Dagohoy, Bohol

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Map of Bohol with Dagohoy highlighted
Map of Bohol with Dagohoy highlighted
Dagohoy is located in Philippines
Location within the Philippines
Coordinates: 9°55′N 124°17′E / 9.917°N 124.283°E / 9.917; 124.283Coordinates: 9°55′N 124°17′E / 9.917°N 124.283°E / 9.917; 124.283
Country Philippines
Region Central Visayas (Region VII)
Province Bohol
District 2nd district of Bohol
Established 21 June 1956
Barangay 15 (see § Barangays)
 • Type Sangguniang Bayan
 • Mayor Sofronio Apat (UNA)
 • Vice Mayor Andres Ampoloquio
 • Town Council
 • Total 91.01 km2 (35.14 sq mi)
Population (2010)[2]
 • Total 18,868
 • Density 210/km2 (540/sq mi)
Time zone PST (UTC+8)
ZIP code 6322
IDD:area code +63 (0)38
Income class 5th class
PSGC 071217000

Dagohoy is a fifth income class municipality in the province of Bohol, Philippines. According to the 2010 census, it has a population of 18,868.[2]


Dagohoy comprises 15 barangays:

  • Babag
  • Can-oling
  • Candelaria
  • Estaca
  • Cagawasan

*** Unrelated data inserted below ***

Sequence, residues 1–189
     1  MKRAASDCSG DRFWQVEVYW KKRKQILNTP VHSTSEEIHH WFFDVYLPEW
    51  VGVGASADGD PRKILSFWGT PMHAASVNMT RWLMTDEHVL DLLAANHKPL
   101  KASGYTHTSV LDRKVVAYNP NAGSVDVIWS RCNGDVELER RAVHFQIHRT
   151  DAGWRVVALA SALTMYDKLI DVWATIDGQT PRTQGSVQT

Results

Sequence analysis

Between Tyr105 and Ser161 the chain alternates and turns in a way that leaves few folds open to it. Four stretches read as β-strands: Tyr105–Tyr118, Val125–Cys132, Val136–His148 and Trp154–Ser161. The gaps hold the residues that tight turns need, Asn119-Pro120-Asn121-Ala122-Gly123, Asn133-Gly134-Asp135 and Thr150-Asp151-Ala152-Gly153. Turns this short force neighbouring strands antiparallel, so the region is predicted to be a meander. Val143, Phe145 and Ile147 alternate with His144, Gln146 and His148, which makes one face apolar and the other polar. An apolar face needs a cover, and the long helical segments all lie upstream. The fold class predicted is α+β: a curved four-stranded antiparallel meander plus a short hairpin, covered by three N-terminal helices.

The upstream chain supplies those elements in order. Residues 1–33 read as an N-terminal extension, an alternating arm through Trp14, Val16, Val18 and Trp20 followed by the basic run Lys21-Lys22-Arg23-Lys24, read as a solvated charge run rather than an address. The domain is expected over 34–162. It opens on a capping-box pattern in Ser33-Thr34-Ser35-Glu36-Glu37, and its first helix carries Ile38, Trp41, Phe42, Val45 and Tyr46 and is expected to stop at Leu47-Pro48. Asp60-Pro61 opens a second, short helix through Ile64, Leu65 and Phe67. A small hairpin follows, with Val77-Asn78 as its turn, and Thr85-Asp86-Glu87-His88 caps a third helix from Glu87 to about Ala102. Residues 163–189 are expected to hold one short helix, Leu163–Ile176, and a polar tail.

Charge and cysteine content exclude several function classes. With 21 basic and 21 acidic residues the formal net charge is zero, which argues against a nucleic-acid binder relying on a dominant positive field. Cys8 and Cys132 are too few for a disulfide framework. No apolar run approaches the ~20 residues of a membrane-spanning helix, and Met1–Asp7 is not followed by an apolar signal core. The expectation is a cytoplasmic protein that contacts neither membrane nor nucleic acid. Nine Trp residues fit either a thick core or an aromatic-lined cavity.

• Cagawitan
  • Caluasan
  • La Esperanza
  • Mahayag
  • Malitbog
  • Poblacion
  • San Miguel
  • San Vicente
  • Santa Cruz
  • Villa Aurora


Jose Rizal, on exile in Dapitan, Zamboanga del Norte, searched for a place to convert to an agricultural colony. In June 1895, he came to Bohol with Don Andres Peñaflor, a rich merchant from Taloto, Tagbilaran, Bohol. Together they traveled by horse-drawn carriage from Tagbilaran to Dimiao, then to Bilar, Bohol. On horseback they traveled to Candagaz, Sierra Bullones to view the vast plain suitable for an agricultural colony.

In 1914, the Americans segregated the area as a site of an agricultural colony, now the present town of Dagohoy, Bohol.

The agricultural colony[edit]

With the Jones Law passed by the U.S. Congress, the Philippines was divided into Senatorial Districts to allocate the 24 Senate seats. The provinces of Bohol, Misamis and Surigao constituted the 11th Senatorial District. At that time, Bohol was the most populated province and Senator Jose A. Clarin became the first senator of the 11th district. In 1920, Senator Clarin authored a law officially creating the Colonia Agricula de Bohol or Bohol Agricultural Colony with Mr. Camilo Calceta appointed as Superintendent and Cashier (Superintendente-Cajero) of the colony.